In 1975, the blockbuster movie Jaws
was released. The series culminated in 1987 with a fourth movie, Jaws: The Revenge
. The NES game Jaws
(online) was released that same year, incorporating elements of both the original and fourth movie. But you probably don't know about the game that Mirrorsoft commissioned in 1984 from the husband-and-wife coding team, Dave & Sara Crud. They made a ZX Spectrum movie tie-in for the original film, only for rights holders to back out and leave it unreleased for nearly three decades ... UNTIL NOW!
Or at least that's the backstory MeFite malevolent
wrote. [via mefi projects
] [more inside]
posted by filthy light thief
on Sep 21, 2013 -
Do you want to fly? Really fly? Not at the controls of a cockpit simulation, but just you ... flying ... your motion through space controlled by the gentlest of nudges of your mouse.
Not a game; but an environment in which to 'travel'. View a short QT video clip
of a typical Tranquility level. Download the 'game browser' (versions for all common computers) in which the game operates, work through the short training levels, and prepare to lose yourself in flight.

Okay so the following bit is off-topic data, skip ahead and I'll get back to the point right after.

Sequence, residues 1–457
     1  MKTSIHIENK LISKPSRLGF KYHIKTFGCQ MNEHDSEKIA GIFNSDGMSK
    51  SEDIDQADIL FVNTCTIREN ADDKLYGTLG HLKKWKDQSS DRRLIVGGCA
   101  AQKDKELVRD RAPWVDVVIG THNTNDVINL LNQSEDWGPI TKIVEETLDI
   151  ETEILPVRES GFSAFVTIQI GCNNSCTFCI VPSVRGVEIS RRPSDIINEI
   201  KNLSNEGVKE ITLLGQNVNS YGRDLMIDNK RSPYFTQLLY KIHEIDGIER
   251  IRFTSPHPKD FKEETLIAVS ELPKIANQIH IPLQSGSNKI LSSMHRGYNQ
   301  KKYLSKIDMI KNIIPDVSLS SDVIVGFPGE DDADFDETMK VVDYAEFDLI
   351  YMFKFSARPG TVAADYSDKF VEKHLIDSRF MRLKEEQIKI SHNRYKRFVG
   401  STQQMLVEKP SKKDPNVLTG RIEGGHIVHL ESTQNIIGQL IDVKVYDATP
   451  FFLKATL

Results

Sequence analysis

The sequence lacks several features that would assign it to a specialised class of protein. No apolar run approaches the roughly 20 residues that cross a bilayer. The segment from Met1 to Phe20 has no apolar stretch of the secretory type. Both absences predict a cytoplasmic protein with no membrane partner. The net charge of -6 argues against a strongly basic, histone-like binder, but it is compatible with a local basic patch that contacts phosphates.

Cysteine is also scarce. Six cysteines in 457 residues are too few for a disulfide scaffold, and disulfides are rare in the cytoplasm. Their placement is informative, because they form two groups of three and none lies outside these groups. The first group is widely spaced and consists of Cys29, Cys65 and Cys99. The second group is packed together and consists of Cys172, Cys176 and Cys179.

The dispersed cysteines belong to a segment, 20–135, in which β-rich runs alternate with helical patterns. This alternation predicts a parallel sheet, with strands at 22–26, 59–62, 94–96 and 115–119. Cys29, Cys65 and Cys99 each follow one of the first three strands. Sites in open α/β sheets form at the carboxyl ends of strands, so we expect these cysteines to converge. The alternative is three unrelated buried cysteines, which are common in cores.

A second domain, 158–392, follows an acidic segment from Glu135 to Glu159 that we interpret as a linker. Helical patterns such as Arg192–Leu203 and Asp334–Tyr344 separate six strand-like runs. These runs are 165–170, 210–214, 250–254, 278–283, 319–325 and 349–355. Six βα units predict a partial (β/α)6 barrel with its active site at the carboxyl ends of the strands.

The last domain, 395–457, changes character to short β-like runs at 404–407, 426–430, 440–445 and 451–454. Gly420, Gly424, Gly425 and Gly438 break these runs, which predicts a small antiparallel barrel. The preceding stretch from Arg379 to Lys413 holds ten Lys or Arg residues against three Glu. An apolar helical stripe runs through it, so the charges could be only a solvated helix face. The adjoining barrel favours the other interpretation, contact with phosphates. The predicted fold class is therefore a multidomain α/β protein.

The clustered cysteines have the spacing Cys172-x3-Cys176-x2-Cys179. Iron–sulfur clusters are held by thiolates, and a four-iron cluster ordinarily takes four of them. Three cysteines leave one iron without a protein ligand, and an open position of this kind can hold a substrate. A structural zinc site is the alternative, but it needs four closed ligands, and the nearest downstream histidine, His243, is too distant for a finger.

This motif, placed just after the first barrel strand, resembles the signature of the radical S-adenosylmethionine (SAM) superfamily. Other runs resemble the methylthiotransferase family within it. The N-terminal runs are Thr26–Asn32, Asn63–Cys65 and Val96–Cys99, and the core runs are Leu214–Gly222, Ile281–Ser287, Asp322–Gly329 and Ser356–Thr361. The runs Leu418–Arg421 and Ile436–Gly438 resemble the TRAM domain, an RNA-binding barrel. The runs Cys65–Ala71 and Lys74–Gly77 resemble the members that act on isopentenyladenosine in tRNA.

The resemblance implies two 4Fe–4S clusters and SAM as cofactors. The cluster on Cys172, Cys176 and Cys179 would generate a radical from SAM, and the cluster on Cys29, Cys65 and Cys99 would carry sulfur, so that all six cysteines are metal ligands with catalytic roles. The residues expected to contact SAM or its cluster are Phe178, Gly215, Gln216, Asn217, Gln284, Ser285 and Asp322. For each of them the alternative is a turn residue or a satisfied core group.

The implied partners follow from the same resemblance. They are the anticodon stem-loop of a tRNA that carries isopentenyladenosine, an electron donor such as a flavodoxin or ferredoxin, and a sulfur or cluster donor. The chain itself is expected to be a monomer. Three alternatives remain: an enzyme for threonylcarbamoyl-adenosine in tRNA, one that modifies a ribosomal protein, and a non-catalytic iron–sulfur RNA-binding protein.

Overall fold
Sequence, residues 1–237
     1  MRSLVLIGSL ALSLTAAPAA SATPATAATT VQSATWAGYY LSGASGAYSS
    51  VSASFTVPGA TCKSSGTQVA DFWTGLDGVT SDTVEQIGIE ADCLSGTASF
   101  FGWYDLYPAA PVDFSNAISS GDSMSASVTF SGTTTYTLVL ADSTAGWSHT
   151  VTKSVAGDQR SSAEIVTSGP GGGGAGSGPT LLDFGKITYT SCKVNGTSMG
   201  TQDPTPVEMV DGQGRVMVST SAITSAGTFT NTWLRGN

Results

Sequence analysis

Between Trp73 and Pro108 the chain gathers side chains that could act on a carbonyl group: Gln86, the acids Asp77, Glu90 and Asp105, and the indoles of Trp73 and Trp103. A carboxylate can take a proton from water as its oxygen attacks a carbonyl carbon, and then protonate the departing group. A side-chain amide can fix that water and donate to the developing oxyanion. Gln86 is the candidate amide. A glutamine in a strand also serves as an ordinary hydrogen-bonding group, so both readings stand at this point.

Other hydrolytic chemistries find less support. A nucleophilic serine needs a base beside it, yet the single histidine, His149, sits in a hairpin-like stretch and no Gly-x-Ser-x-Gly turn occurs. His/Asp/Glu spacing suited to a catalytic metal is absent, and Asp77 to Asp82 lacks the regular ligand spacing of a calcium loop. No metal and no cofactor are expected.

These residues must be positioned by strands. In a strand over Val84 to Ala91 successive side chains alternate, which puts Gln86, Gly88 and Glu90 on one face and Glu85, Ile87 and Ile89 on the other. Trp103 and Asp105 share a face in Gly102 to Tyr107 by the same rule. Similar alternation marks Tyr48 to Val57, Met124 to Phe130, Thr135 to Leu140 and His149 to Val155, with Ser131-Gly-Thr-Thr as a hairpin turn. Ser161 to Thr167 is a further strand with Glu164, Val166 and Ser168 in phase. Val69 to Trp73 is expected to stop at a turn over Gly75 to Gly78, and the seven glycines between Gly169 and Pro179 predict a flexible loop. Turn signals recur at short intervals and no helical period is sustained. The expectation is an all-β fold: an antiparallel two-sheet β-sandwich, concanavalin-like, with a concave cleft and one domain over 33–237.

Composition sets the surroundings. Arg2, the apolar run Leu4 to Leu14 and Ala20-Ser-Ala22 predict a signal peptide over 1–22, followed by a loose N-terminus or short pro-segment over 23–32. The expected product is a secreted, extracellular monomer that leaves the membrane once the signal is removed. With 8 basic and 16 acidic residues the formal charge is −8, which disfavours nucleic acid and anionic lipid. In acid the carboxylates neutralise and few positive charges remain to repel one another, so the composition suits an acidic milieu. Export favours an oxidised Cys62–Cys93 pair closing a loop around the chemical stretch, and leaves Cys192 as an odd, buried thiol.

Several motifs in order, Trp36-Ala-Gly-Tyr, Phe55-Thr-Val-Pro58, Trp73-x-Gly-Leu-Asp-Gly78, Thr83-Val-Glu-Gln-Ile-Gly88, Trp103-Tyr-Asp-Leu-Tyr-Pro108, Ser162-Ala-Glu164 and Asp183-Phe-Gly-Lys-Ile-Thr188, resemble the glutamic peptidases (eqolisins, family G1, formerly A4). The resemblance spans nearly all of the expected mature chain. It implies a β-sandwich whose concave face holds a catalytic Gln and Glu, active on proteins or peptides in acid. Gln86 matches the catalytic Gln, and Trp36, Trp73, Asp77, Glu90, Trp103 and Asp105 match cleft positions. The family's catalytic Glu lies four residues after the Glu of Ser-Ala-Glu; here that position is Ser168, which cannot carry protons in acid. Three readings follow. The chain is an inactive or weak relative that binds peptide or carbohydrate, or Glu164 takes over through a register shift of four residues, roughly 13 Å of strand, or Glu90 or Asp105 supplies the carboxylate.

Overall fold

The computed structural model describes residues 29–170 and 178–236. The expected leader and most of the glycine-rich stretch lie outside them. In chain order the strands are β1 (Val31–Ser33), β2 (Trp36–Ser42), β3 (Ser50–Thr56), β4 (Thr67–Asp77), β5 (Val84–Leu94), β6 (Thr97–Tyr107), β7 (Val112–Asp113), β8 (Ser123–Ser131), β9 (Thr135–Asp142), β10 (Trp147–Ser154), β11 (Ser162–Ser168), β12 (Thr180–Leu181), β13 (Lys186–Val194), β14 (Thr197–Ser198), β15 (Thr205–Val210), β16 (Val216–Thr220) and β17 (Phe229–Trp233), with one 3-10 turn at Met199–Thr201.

(Don't be put off by the 'Buy the Game' links on the website; Tranquility is perfectly functional in demo mode, with the demo landscape changing daily. I've been playing it that way for more than five years.)
posted by woodblock100
on Jun 15, 2007 -
Everybody loves Zombies. Everybody loves killing Zombies. Nobody wants to suddenly wake up surrounded by Zombies. Not when you thought you were just playing a video game
posted by Elmore
on Feb 18, 2007 -
You've already pushed a hapless dummy down the stairs.
Now you can see what happens when that same guy gets behind the wheel
- or at least inside the cab - of a truck speeding toward a wall. Scant on documentation, but not hard to figure out (the 1 and 2 sliders control the position of two ramps). Anyone find a good technique for a high score? (2 MB Windows .exe)
posted by wanderingmind
on Aug 3, 2003 -
Go : The future of computing
"In recent years, computer experts, particularly those specializing in artificial intelligence, have felt fascination - and frustration - with an ancient Asian game called Go. To date, no computer has been able to achieve a skill level beyond that of the casual player."
posted by jragon
on Aug 2, 2002 -